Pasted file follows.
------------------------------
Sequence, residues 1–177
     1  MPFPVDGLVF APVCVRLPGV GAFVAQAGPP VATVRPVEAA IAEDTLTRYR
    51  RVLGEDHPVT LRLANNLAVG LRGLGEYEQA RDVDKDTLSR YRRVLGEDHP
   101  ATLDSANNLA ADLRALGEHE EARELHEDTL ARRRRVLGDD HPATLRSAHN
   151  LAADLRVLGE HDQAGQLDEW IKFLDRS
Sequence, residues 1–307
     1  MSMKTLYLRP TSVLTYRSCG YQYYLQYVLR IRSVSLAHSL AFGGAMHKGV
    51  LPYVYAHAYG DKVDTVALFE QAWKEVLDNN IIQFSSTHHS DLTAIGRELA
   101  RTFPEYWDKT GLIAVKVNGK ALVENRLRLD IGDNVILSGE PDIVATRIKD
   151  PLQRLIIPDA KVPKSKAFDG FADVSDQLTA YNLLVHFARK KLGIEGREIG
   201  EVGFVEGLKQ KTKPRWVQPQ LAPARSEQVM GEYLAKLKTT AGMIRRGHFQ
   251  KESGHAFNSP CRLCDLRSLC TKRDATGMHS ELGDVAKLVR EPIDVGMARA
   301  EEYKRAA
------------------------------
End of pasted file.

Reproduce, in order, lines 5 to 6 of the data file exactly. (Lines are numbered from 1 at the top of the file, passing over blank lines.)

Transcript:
   151  LAADLRVLGE HDQAGQLDEW IKFLDRS
Sequence, residues 1–307